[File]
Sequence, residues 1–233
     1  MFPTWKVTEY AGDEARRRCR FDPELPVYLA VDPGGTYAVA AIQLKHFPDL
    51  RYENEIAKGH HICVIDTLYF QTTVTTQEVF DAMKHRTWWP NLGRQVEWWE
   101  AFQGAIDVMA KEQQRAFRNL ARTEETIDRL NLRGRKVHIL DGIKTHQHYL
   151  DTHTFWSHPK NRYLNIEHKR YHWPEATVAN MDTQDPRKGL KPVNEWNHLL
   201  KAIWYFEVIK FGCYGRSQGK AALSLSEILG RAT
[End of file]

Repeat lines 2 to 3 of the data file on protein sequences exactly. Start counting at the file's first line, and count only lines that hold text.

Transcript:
     1  MFPTWKVTEY AGDEARRRCR FDPELPVYLA VDPGGTYAVA AIQLKHFPDL
    51  RYENEIAKGH HICVIDTLYF QTTVTTQEVF DAMKHRTWWP NLGRQVEWWE